Politics

Senate rejects Commons' transportation bill C-49 for 2nd time

In a rare move, the Senate is insisting on its amendments to the government's wide-reaching overhaul of the country's transportation legislation, sending the bill back to the House for a second time.

By insisting on changes to omnibus bill, Senate could be setting up conflict with the elected House of Commons

Transport Minister Marc Garneau speaks at the National Press Theatre in Ottawa on Tuesday, May 16, 2017. Garneau has introduced legislation to create a new passenger bill of rights, which will give travellers a better idea of when airlines will have to compensate them. (Sean Kilpatrick/Canadian Press)

In a rare move, the Senate is insisting on its amendments to the government's wide-reaching overhaul of the country's transportation regulations, sending the bill back to the House for a second time.

In a close vote, 43 senators — including all Conservatives and a handful of Liberal and Independent senators present in the chamber — voted to send the bill back to the House of Commons with its changes, while 39 senators voted to accept the House's version of Bill C-49. There were two abstentions.

'We're not a whip vote, so we're free-swimming fish,' says Independent Senator Diane Griffin. 7:43

Under the rules, the bill now has to go the Senate's transport committee. There, the committee will draft a report outlining the reasons why the Red Chamber is insisting on its amendments. Then it will go back to the House for a vote.

If the amendments are rejected, there could be a protracted standoff between the House and the Senate — with the bill ping-ponging back and forth between the two chambers until there is some sort of agreement.

The Senate is insisting the House accept Independent Quebec Sen. Rosa Galvez's amendment to the bill allowing for "final offer arbitration," something long demanded by shippers in the agriculture, mining and forestry sectors.

A grain elevator is shown near Regina, Sask. on Aug. 30, 2007. (Troy Fleece/Canadian Press)

Senators are also insisting on Independent P.E.I. Sen. Diane Griffin's amendment, which relates to rail shipping in the Maritime provinces. Griffin said her amendment is necessary to ensure regional fairness, arguing the current bill treats the Maritimes differently than other regions where there are rail monopolies.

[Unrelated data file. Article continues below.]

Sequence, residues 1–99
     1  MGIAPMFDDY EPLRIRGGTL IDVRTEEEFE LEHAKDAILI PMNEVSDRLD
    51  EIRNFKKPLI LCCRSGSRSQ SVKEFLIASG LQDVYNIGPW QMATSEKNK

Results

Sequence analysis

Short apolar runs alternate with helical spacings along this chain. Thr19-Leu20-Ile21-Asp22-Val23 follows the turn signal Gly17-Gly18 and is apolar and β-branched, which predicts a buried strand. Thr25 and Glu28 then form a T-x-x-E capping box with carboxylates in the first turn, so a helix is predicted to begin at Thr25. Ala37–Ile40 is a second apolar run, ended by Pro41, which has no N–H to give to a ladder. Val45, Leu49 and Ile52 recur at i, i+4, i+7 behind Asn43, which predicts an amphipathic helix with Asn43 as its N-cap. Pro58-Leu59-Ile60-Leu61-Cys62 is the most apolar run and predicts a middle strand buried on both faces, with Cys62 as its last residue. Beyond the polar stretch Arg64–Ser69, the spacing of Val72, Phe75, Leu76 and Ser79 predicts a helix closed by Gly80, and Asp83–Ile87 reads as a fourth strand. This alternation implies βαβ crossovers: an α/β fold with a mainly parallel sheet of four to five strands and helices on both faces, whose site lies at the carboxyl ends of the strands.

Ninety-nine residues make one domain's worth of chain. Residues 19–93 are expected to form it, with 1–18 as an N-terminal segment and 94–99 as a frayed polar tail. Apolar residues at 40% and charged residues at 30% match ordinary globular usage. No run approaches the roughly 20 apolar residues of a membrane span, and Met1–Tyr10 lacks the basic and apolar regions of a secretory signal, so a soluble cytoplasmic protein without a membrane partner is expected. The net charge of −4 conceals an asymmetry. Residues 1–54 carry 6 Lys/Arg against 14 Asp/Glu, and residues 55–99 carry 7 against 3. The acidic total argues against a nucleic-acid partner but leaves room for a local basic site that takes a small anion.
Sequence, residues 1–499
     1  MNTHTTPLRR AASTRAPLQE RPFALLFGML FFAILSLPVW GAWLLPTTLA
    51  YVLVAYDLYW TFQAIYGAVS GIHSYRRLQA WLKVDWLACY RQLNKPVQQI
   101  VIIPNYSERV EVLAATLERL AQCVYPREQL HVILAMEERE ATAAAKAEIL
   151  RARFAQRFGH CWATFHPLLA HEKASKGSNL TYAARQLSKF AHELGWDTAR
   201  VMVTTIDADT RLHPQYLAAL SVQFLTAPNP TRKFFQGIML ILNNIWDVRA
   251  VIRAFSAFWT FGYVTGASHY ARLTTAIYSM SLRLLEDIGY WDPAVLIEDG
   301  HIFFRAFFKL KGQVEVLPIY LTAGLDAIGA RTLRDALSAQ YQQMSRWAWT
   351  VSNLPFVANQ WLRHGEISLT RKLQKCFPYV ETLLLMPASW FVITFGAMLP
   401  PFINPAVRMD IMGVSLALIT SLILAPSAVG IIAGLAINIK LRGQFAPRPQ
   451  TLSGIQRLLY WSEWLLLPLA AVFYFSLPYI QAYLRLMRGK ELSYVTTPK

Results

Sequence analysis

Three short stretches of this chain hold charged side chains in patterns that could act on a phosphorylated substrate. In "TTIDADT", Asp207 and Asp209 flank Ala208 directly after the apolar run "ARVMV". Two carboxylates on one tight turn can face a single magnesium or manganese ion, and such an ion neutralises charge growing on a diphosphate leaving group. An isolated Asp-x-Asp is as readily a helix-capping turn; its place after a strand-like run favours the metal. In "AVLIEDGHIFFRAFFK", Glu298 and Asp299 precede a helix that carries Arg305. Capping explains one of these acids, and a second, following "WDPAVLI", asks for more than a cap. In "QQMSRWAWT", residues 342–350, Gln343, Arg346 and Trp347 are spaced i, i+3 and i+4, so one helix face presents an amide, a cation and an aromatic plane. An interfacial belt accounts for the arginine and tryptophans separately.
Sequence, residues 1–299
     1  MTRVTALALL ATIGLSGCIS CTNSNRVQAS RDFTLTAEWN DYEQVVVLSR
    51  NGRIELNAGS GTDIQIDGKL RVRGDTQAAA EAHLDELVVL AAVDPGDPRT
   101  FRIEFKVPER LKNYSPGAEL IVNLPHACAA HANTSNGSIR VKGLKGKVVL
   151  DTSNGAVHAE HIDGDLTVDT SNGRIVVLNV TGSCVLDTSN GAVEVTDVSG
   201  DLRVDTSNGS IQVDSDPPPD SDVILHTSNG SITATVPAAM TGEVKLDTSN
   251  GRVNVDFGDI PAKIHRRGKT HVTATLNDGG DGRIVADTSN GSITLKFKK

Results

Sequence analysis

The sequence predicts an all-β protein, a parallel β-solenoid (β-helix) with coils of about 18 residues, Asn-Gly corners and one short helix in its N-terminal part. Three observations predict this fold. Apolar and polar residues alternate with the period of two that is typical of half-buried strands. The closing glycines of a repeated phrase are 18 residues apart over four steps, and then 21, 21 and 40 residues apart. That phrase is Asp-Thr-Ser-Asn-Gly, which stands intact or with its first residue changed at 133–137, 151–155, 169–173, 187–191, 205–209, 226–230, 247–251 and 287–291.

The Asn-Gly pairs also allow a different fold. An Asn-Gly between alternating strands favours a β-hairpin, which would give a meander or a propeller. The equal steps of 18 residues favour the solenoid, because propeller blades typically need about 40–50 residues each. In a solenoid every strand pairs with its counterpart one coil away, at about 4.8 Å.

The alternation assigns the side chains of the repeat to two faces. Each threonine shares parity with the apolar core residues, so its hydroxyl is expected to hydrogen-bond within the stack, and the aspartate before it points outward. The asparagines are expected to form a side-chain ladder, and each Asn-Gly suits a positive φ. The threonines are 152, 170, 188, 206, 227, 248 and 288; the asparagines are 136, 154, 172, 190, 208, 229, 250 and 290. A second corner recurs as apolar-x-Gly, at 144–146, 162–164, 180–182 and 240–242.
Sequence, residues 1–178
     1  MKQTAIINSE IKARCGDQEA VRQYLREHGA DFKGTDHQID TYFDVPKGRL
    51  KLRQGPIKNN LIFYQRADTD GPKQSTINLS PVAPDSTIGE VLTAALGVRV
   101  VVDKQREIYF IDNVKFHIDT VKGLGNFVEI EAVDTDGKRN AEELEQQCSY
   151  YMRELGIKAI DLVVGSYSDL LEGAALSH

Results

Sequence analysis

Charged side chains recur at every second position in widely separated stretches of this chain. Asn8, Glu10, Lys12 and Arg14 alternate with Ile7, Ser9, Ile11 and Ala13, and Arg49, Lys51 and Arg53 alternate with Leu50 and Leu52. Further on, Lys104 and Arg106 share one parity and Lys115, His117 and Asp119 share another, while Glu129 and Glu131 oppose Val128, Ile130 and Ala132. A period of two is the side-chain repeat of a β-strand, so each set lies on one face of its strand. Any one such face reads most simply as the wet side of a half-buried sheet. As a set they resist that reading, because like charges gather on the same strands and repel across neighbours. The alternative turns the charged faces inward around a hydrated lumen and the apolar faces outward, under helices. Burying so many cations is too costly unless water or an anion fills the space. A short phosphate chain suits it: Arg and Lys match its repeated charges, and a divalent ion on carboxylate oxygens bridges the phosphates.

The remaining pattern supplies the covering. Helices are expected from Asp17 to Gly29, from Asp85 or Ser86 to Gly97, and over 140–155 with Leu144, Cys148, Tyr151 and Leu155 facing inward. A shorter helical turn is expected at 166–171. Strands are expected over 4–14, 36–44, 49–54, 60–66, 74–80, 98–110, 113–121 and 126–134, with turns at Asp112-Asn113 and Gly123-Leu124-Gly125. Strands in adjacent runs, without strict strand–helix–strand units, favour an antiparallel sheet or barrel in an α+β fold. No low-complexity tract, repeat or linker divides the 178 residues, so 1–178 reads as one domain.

"We'll let the parliamentary process run its course," Marc Roy, the director of communications for Transport Minister Marc Garneau, told CBC News. "We hope the bill passes quickly because farmers are counting on these measures."

The House rejected 12 Senate amendments to the bill — among them an effort by the Senate to remove video and audio recording equipment from train cars that will monitor workers. The Liberal government has insisted these devices are required for safety in the wake of the deadly Lac-Mégantic derailment.

What happens when a bill from the House arrives in the Senate? 0:28

The last time the Senate sent a bill back to the House for a second time was in 2006, when senators quibbled with former prime minister Stephen Harper's Accountability Act. The Liberals had a majority in the upper house at the time and the Conservatives had a minority government.

In insisting on their two amendments, senators rejected an impassioned plea from the government's representative in the upper house, Peter Harder, to accept the House version. Harder said the Senate should defer to the elected chamber of Parliament.

"Honourable senators, we have been thorough and we have been heard in the other place. Let me conclude by asking that we finish this important work so that Canada's farmers can know that the crops they are planting this spring will, in time, find their way to market without the delay and uncertainty that would be generated through disagreement between the two chambers of this Parliament," he said.

"I would again ask that all senators give attention to this message, pass it within a reasonable time frame and I thank all senators again for their work on Bill C-49 and for their attention to the deliberations on this message."

Farmers have been eagerly awaiting a part of this transport omnibus bill which, if passed, will give the government the tools to help farmers with cash flow and compel railways to move grain or face penalties. Railways are opting these days to transport more oil — a more lucrative commodity — and in the process are often leaving grain farmers high and dry.

The government decided to roll those changes into a larger bill that also lays the groundwork for the creation of an airline passenger bill of rights, among other changes to the country's transportation regulations.

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